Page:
Osteoporosis means, “porous bones,” or that they are losing their density—making your bones thinner and easily breakable.  Foot fractures from osteoporosis can come in the form of stress fractures, which are tiny fractures that cause small cracks in your feet. Because of the lack of structure to the bones, they become weak, which can lead to fractures.  
In the advanced stages, fractures can happen from a simple thing like getting out of bed in the morning.  These fractures can occur anywhere, but most commonly occur in the neck, low back, hip, wrists and feet.  For the feet, these fractures often occur with repetitive small trauma due to wearing a unsupportive shoes, such as flip-flops.  With the loss of structure comes the collapse of joints in the feet, which can cause arthritis and pain.  Fractures in the feet from osteoporosis can range from small stresses in the bone to large displaced breaks that require surgery. However, surgery for osteoporotic patients can be a challenge.  
The sooner you deal with stress fractures the better.  If you have pain in your feet that seems beyond any normal kind of soreness, you should visit your podiatrist in Chandler for further diagnosis and treatment.  

What do I do?

The general advice for aging people is to make sure you have enough calcium and vitamin D in your diet.  Exercise is also vital for increasing bone strength and to protect you against these painful fractures.  Any type of activities in which you move is good—walking, running, swimming, dancing and even bowling can be just what you need to strengthen your bones.  If you have foot issues and are unsure of how much your feet can take, talk to your podiatrist at Family Foot and Ankle Care.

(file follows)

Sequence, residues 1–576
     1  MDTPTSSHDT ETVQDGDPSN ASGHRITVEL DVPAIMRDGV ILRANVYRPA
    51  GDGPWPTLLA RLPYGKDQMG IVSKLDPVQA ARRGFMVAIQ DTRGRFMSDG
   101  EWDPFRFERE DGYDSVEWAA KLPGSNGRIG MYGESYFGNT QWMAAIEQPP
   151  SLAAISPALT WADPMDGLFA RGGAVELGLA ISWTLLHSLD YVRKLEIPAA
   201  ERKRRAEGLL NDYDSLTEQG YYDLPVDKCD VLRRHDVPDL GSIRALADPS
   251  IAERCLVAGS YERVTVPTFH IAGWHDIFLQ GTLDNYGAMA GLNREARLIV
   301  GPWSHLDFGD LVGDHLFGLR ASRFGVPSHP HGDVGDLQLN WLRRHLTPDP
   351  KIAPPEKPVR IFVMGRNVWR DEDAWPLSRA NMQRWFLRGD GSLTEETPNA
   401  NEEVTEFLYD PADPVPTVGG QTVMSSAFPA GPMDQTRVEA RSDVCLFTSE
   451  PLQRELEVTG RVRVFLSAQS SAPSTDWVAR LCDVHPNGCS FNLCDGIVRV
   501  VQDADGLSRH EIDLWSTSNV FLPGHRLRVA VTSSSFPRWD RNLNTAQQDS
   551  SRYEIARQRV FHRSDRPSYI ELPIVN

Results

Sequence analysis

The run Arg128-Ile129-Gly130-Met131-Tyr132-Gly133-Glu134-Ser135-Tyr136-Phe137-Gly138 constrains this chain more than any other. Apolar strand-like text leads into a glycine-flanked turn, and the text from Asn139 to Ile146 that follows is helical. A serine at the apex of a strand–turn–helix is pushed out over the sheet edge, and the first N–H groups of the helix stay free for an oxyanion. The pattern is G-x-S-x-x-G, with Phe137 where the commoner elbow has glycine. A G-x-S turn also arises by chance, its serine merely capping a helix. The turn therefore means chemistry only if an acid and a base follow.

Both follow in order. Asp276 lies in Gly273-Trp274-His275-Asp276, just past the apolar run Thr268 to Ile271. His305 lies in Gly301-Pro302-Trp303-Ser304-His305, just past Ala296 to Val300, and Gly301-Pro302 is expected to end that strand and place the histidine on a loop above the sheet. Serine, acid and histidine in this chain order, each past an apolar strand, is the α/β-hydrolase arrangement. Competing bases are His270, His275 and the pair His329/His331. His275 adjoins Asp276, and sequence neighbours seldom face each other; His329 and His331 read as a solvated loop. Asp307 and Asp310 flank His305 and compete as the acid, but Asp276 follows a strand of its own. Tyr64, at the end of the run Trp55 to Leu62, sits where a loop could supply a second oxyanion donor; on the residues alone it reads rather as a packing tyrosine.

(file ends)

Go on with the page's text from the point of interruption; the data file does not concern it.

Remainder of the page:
Be sure to choose shoes that offer proper support to your feet and ankles, as well.  Your podiatrist in Chandler might recommend orthotics to give you that extra support to your arches.  Even if your bones are not affected by osteoporosis, orthotics can still help you by providing extra stability that may save you from a fall that could break other bones.  
Your feet play an important role in making aging easy and less painful.  Avoid dangers of osteoporosis by taking care of your overall health and paying attention to your feet! If you have any foot problems or pain, contact Family Foot and Ankle Care for proper diagnosis and treatment.